Authors: John Waters
Addresses: School of Management, University of Western Sydney, Nepean, PO Box 10, Kingswood, NSW 2747, Australia
Abstract: Recent literature asserts that knowledge is the source of innovation and, consequently, that knowledge management is a key to innovation management. However, the literature is not informative about how knowledge actually leads to innovation. Knowledge that is no more than a potential for action cannot explain the acquisition and use of knowledge in innovation. This paper argues that achieving innovation, like the search for the Holy Grail, is primarily about generating commitments. This contention is supported by analysis of the role of commitment to innovation from both strategic and internal process viewpoints, and by presenting the elements of a theory of commitment to innovation. The paper supports the view that descriptions of innovation from within the psychological and organisational processes of organisations can be as valid as those that rely on objectified forms of knowledge.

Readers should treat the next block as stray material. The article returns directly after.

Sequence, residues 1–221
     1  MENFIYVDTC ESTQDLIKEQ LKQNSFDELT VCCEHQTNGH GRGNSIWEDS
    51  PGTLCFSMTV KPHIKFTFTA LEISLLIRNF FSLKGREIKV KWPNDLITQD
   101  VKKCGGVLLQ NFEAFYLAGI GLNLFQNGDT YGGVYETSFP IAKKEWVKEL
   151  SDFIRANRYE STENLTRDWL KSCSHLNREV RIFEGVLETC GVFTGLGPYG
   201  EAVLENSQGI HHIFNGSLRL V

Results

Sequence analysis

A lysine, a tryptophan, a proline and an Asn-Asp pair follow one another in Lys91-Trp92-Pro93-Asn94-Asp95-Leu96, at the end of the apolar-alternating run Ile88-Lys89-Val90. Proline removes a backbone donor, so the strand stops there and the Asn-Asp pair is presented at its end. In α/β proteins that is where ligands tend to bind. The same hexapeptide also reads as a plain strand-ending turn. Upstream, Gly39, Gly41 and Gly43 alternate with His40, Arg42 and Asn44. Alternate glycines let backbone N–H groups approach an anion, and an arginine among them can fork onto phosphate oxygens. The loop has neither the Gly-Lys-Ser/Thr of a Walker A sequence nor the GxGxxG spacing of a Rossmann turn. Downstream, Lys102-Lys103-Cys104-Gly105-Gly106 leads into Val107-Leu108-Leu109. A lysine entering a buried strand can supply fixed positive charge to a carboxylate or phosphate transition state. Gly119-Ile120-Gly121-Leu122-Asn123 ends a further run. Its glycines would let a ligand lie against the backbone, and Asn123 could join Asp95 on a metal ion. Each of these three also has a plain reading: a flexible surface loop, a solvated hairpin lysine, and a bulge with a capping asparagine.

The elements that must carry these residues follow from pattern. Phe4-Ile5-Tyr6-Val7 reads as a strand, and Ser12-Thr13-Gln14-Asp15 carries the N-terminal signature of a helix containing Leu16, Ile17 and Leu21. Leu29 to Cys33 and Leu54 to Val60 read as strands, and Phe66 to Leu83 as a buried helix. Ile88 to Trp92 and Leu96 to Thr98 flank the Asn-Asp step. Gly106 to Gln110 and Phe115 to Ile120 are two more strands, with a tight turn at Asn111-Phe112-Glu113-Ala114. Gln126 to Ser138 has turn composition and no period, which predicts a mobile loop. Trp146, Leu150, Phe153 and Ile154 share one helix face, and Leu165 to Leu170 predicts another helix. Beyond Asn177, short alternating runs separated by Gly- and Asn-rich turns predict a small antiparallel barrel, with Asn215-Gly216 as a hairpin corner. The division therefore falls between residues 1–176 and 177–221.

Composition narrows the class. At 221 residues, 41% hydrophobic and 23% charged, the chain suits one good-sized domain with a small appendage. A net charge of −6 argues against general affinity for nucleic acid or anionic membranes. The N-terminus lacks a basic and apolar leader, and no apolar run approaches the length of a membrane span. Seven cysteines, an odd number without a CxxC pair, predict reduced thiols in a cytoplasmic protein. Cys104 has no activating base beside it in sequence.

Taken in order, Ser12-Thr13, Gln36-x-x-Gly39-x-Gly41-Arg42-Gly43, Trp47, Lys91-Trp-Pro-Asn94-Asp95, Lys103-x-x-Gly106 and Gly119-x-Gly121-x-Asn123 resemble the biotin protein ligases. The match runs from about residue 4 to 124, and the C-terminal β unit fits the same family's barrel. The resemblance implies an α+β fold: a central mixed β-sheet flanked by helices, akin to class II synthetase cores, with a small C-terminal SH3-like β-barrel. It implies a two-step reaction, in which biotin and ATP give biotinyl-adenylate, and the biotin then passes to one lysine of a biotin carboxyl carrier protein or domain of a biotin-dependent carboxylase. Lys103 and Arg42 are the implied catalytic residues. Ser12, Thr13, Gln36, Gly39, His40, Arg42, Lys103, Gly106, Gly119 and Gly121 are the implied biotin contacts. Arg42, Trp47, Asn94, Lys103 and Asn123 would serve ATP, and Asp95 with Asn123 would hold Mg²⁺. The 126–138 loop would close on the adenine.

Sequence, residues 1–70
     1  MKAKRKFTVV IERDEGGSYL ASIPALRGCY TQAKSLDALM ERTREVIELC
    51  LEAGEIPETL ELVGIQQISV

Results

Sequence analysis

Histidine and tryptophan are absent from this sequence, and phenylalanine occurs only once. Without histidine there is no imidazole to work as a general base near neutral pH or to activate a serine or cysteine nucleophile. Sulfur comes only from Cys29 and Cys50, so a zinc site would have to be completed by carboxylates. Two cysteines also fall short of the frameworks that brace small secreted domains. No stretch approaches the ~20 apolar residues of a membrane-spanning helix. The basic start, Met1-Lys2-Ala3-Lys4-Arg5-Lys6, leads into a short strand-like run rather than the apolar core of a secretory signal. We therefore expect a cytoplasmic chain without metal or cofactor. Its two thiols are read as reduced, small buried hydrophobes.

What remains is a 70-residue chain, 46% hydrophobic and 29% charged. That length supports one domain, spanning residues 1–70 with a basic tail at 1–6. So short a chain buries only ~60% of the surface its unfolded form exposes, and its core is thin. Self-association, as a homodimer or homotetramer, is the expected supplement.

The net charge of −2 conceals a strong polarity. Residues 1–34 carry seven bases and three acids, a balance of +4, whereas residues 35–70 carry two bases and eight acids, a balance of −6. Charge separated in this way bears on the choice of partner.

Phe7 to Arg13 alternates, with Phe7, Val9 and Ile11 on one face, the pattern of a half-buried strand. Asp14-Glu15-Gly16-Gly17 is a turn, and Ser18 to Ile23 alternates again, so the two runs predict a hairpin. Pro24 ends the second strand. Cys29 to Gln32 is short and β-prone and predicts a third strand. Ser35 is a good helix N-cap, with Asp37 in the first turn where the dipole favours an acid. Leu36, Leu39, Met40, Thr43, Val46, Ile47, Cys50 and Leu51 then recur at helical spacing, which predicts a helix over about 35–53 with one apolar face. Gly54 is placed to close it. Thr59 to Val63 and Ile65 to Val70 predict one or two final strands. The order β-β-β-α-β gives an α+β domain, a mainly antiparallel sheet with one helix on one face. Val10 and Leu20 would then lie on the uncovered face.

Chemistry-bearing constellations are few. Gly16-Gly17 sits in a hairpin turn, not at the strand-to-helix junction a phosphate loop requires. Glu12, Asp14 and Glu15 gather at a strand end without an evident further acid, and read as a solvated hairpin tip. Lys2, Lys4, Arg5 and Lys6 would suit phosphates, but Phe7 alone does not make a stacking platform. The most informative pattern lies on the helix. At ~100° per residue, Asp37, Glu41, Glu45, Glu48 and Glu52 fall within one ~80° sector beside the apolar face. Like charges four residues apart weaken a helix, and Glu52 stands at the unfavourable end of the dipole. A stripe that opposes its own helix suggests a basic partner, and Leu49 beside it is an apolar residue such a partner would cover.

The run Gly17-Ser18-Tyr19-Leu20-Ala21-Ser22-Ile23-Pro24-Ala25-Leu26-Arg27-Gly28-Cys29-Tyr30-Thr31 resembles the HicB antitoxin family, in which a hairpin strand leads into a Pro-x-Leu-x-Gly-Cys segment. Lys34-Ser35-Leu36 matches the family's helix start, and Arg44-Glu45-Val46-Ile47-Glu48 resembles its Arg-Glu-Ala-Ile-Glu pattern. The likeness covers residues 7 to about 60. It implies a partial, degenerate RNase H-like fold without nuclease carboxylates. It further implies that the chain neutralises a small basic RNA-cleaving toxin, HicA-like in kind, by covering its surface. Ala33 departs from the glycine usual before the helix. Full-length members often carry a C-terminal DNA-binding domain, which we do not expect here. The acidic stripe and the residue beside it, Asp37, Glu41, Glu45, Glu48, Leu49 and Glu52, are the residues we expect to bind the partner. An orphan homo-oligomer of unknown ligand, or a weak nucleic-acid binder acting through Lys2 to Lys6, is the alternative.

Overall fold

Keywords: management of innovation; knowledge management; commitment to innovation; knowledge creation; cognitive style; cognitive climate; problems with conventional thinking on innovation; distinguishing capacity and style.
International Journal of Technology Management, 2000 Vol.20 No.5/6/7/8, pp.819-838
Available online: 08 Jul 2003 *Full-text access for editors Access for subscribers Purchase this article Comment on this article